Friday Forgotten Book of Summer: The Strange Blue Yawl by Lucille Fletcher (1964)

John Waldo Leeds lives with his beautiful young wife Mary in a remote cottage near the mouth of the Chesapeake, trying to work on his musical compositions (he has earlier tried to be a racing-car driver and a painter) when their blissful existence comes crashing down with a scream. One night, even as John has retired to bed, Mary wakes him up, claiming that she had heard a scream in the night which might have come from a boat outside. As the sleepy John tries to get his bearings, a blood-curling scream rents the air again. At their calling out, the boat starts slipping away. Husband and wife (rather foolhardily, I thought) decide to chase the vessel rather than calling up the police. When they return from their nightly adventure, having unable to do anything except note that it was a yawl and blue in colour, Mary calls up the police.

The next day Lieutenant Reynolds shows up from the coast-guard and takes their statements. It is clear, however, that he skeptical of the entire incident, and sees no chance of gaining success based on the flimsy ‘evidence’. John is in favour of forgetting the whole thing but Mary rightfully thinks that the murderers know that they might be in danger from the Leeds and ought to be apprehended before they come for them. John finally gives in to her constant cajoling and nagging. Mary turns amateur detective (partly to get out of the boredom of being a hausfrau always at the beck and call of her husband) and starts investigating the owners of blue yawls in the nearby vicinity and they prove to be an interesting lot: a wolfish ‘lord of the manor’ who has an invalid wife; two rough-necked brothers who are known for their loutish behaviour, a respectable family whose unmarried daughter might be carrying a child; a Nazi sympathiser who lives behind a barricaded fort of a house. John indulges his wife till the threatening calls begin. Then suddenly it is not a game anymore. And then an attempt is made on John’s life. What Mary feared has come true….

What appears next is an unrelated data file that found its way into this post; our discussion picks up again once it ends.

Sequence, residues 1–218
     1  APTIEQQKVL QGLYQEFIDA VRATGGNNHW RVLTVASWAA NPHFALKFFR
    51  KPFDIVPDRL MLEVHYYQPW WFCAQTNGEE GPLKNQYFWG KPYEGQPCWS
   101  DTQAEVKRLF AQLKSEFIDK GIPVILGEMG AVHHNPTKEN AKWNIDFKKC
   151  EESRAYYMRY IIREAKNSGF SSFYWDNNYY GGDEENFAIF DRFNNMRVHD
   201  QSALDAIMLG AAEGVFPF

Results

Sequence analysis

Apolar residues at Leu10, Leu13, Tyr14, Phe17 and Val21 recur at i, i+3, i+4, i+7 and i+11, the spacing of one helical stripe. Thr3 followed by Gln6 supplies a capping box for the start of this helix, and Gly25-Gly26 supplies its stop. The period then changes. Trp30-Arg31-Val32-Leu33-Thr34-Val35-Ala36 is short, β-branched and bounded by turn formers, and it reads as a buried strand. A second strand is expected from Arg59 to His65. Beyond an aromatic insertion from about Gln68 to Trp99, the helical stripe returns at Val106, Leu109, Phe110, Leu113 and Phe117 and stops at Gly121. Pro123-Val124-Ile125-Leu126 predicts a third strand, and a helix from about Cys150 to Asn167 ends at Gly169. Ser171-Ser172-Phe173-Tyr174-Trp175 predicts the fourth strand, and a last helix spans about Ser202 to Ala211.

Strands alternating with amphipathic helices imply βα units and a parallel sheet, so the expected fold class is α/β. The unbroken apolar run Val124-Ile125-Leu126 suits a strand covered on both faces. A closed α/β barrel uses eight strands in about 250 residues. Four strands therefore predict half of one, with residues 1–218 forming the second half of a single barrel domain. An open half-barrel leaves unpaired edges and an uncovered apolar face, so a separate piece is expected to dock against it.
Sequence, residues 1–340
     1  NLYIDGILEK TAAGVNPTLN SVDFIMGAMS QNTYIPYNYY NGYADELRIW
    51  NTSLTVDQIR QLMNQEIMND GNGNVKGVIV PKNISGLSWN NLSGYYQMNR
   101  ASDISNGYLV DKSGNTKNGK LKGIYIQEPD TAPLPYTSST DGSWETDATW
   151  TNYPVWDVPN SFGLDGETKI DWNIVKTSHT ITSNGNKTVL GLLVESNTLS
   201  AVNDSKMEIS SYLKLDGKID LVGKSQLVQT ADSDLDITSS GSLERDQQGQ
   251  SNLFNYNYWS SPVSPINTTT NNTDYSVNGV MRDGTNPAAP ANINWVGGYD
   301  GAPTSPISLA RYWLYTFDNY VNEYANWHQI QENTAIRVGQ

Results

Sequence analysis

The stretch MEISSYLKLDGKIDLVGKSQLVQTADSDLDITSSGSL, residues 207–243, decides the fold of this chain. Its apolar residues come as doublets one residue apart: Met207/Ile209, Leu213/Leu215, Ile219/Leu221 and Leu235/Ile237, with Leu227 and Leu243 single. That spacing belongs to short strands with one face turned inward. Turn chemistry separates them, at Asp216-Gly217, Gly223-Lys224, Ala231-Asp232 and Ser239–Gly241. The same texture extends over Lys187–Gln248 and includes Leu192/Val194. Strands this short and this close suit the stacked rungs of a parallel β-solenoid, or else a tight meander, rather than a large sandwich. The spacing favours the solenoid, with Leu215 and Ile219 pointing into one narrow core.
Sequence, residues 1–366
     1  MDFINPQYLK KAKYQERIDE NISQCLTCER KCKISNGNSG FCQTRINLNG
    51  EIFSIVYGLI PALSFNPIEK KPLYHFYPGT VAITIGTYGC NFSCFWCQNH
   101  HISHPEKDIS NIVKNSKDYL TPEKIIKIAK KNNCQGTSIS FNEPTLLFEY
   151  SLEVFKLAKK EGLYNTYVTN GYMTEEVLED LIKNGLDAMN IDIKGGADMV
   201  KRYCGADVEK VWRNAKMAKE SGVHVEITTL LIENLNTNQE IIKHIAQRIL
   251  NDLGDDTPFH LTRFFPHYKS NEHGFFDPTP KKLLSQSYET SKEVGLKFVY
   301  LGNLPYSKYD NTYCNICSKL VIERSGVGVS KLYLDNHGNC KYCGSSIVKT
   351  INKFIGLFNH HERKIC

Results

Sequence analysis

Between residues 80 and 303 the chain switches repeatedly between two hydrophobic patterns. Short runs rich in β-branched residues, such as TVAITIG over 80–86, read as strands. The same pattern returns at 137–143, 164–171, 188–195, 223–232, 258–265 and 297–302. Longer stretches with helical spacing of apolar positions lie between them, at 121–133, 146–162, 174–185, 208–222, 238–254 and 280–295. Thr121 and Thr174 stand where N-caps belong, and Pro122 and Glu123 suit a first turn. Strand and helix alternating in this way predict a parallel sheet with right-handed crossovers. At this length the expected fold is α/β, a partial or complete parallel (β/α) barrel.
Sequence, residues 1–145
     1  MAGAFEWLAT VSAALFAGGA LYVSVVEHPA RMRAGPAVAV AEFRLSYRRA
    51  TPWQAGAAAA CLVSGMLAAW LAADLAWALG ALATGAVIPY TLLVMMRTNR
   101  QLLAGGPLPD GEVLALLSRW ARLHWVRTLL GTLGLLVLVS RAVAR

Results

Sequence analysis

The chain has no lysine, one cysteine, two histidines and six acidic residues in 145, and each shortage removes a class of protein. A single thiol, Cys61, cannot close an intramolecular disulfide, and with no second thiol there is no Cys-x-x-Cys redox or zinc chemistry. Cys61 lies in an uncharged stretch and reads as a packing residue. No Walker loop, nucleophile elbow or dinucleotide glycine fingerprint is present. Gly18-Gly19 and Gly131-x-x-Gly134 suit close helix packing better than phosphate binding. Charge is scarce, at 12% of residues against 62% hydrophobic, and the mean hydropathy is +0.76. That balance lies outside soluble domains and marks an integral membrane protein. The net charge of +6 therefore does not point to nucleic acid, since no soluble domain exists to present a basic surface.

This is the third novel of Fletcher that I have read in a short span of time. I am very glad to have read her as she writes gripping novels with an unsettling quality that one cannot put down. This book too is extremely engaging and taut but reminded me of a book by Hillary Waugh which took away some of its suspense. Nevertheless, the ‘blue yawl murder’ ended with an unexpected victim and murderer. Would soon be reading more of her works.


First Line: The strange events I am about to relate began on October 15, 1962.

Publication Details: NY: Random House, 1964

First Published: 1964

Pages: 168

Source: Open Library

Other books read of the same author: … And Presumed Dead; Mirror Image

Other Opinions: Doyouwriteunderyourownname?

7 thoughts on “Friday Forgotten Book of Summer: The Strange Blue Yawl by Lucille Fletcher (1964)

  1. Your reviews have gotten me interested in Lucille Fletcher. I also have not read anything by Hillary Waugh. So two authors books to look for.


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